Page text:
The Adrian Loveridge Column – Tourism is the ONLY Lifeline
As we rapidly approach the start of the peak winter season I imagine that our public sector planners and policymakers and more proactive private sector tourism players are now in hyper-drive to maximise both revenue and occupancy during this critical period.
Certainly in the 40 plus years that I have been promoting Barbados I cannot think of a more crucial time than now, in our economic survival and possible recovery where tourism has such an important role.
When I hear repeated uttering’s from certain pundits that we have become far too reliant on tourism, it brings a wry smile, especially when they frequently offer no sustainable alternative. We have sadly almost let any hope of a vibrant agricultural sector implode, by choosing instead to deny any meaningful support or opportunity of feeding ourselves and visitors. Instead our Government has encouraged major hospitality providers to import endless numbers of refrigerated containers, free of duties and taxes.
Yes, there may be secondary benefits with employment generation, but when taxes are dramatically increased on what can only be considered as staple items for the masses and lest we forget our visitors too, what is the real overall benefit to the population at large?
If the truth is told, we face some severe challenges this winter, in at least two of our major markets. The United Kingdom still feeling the currency effects of what seems like a near impossible Brexit, compounded by a higher than anticipated inflation rate of around 3 per cent which will certainly impact negatively on property values and disposable income.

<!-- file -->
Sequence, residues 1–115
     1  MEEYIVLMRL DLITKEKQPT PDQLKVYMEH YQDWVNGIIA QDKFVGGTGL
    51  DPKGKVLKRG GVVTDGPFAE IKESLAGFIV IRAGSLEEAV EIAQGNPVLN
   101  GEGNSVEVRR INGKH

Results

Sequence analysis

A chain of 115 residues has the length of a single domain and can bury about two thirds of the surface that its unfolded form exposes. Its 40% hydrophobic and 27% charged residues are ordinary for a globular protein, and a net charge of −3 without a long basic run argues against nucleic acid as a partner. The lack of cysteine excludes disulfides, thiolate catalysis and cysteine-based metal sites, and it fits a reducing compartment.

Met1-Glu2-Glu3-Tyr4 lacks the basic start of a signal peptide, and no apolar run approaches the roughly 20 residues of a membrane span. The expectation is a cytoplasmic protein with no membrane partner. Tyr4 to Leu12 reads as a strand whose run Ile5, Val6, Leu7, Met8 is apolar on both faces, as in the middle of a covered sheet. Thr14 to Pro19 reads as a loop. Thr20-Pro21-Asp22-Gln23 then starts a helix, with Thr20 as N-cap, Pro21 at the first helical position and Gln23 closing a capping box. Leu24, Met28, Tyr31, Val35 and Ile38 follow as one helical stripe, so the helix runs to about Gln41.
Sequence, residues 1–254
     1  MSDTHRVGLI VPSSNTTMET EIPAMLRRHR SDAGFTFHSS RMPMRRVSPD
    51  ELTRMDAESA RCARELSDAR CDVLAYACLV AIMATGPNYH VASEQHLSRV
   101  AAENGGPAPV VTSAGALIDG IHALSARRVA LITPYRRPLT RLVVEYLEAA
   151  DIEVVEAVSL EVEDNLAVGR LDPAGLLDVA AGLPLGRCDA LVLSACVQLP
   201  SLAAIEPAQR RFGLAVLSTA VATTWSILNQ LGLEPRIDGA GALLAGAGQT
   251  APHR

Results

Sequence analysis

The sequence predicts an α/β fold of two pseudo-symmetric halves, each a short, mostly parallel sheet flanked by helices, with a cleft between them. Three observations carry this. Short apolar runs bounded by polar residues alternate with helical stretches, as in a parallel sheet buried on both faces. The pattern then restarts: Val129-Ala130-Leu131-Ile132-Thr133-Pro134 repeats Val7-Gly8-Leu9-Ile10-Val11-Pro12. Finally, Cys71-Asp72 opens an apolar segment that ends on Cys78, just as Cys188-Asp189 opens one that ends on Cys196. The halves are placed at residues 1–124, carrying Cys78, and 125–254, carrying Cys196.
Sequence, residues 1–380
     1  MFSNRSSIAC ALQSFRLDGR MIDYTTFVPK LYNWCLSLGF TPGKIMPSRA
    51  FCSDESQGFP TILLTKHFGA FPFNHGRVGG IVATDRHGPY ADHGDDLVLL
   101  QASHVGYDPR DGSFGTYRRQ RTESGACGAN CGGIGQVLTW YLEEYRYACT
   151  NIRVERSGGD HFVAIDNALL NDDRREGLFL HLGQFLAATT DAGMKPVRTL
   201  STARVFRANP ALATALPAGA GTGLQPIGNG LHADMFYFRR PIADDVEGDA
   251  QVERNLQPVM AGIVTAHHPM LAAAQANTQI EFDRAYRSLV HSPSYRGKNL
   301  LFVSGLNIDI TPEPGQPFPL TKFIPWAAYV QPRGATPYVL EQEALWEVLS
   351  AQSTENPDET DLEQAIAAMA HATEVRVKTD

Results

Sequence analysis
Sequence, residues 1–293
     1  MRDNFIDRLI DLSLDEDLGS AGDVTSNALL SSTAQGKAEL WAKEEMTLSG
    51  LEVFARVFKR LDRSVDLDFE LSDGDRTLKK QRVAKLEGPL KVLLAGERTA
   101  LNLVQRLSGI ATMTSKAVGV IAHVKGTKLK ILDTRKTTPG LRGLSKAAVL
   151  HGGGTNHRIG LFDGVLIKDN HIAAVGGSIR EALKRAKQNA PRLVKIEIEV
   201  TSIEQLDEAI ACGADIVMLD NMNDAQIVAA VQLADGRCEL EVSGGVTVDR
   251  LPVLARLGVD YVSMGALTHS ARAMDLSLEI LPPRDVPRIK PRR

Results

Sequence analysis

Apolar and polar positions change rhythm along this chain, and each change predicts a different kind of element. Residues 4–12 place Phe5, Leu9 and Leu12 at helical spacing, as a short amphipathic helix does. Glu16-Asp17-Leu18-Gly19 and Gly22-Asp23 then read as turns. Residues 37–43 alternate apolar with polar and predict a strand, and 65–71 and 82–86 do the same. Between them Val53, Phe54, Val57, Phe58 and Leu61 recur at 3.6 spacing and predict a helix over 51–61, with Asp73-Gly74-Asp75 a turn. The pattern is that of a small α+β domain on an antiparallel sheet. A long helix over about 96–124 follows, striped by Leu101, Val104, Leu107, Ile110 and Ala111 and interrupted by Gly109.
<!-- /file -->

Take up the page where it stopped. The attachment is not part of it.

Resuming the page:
The new seasonal flights with Virgin from Heathrow and Thomas Cook from Gatwick will definitely help.
As with the current three times weekly Manchester Thomas Cook flight, this airline is frequently used by people looking for lower cost alternatives, especially second home owners and savvy holiday makers looking for more options including one-way tickets. This alone has enabled those who make multiple visits, to purchase their tickets in the UK avoiding our inhibitive 17.5 per cent VAT on air travel.
Follow the social media outlets carefully and what has grown from the occasional mention, to what now appears to be a steady stream of Canadians questioning whether we are truly, as a destination, offer value-for-money?
While the Canadian Dollar was on a par with its southern neighbour, this probably was not such a concern, but currently at around 79 cents to the US Dollar, we have to find more creative ways of dissipating that Barbados can be affordable to our many loyal returnees and new first time visitors from Canada.
Despite being our fourth largest market the overwhelming percentage of visitors applying for our re-DISCOVER discount voucher are Canadians. In fact they outnumber any other major market by a ratio of 4:1. This, to us, at least indisputably confirms the need to again, demonstrate that we can offer truly value-for-money if we have any hope of either maintaining or increasing arrival numbers.
Our USA market has been transformed in a relatively short period and personally I see this as having the greatest growth potential in the short to medium term. The head of the Barbados Tourism Marketing Inc (BTMI) has called for additional gateways, citing Washington, Maryland, Philadelphia, Chicago and Los Angeles as the most desirable. While the last two mentioned, previously may have previously had nonstop range challenges, the new aircraft being operated by some airlines, now make it a reality.